One of the greatest features of HTML code is the ability to interlink the contents of your documents with that of another. This is in fact the way the world wide web is designed to function, effectively a web of interlinking documents from around the world.
So, with this in mind you are at some point certain to want to create your own links either to other pages on your Website or perhaps to external web pages from other publishers .
The linking function itself really is very simple.
- Supply the anchor text to display on page.
- Supply a destination address (URL).
Creating an Anchor
Firstly lets look at the anchor text component of a link or Hyperlink as they are technically known. The anchor element as its name would suggest a way to anchor some kind of functionality or facility to regular page elements like text or images. In our case we want to add a link and the anchor will be a simple text string to which we will add the linking attribute.
To create an anchor you use the <a> my first anchor </a> tags. Where the my first anchor text is the actual anchor text and will display just as regular text would.
Okay, so you now have the anchor text of your link but as yet it is not anchoring anything so we now need to add our destination address.
Choosing A Destination Address
The destination address is the URL (web page address) of the Website or page you wish to link to. Personally I would recommend using an absolute address some thing similar to the format http://www.basewebmaster.com/html/creating-hyperlinks.php i.e. an absolute address is the full URL of the web page including the http:// request.
It is possible and even acceptable to use a relative address, that being an address relative to the page that the link appears on, for example.
If you are here http://www.basewebmaster.com/html/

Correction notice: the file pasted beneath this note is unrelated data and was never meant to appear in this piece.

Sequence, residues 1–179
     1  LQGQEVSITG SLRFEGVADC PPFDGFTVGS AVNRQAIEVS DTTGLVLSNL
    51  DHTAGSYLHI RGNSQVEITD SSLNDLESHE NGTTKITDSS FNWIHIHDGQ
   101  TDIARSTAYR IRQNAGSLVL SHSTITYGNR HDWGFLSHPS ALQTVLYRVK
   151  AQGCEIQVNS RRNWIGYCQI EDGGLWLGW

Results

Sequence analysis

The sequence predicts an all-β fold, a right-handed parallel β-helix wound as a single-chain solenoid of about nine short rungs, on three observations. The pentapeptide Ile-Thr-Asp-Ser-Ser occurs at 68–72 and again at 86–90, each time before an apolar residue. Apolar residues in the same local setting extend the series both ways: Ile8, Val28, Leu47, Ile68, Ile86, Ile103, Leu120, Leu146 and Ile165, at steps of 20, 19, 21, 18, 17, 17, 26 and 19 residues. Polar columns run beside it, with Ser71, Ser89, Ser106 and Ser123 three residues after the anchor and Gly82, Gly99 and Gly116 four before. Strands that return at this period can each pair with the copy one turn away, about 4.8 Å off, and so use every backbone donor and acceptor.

and you wish to link to http://www.basewebmaster.com/html/creating-hyperlinks.php
A relative address for this page would simple be creating-hyperlinks.php
As said it is okay to use a relative address but this could potentially cause issues further down the road so best to use full address from the start.
Adding A Link To The Anchor
To add the address to the anchor element you need to use the href attribute. The final element should look something like this.
<a href='http://www.basewebmaster.com'>Webmasters guide</a>
Notice how the text has now become blue and underlined, this shows that the text is active and will perform some kind of action in this case it will redirect your page to the destination address.
Using Links To Navigate A Page
The href attribute is most often used to link to other web pages but in the same way they can be used to point to different parts of the same page. This functionality provides a great way to navigate or index larger documents.
Indexing The Page Sections
To point to a different section on a page you first need to allocate the different sections of the page, a kind of index value. This is done using the id attribute.
Simply add the id attribute to an element at the various sections of the page, a good element to use is the header tag as they often signify the start of a new section anyway. Assign the id a relevant value, if the section is on HTML use the value html for example.
<h2 id='html'>HTML Section</h2>
Referencing Sections Using The Anchor Element
Once you have your sections marked up appropriately you need to reference them using the href attribute within the anchor element as shown below.
Notice how in this case the # symbol proceeds the value, by using this the link will point not to an external page but to the containing page itself. When clicked the browser will scroll to the relevant section defined by the id attribute.
These are the basic rules for creating and using links on your web pages, there are many other attribute that you may include on your anchor elements which you can find in the Attributes Glossary but they are not necessary, they will simple add some functionality to your links.
If you are interested in learning more about links and anchors you might like to read this guide from www.w3.org which take an indepth look at the subject.
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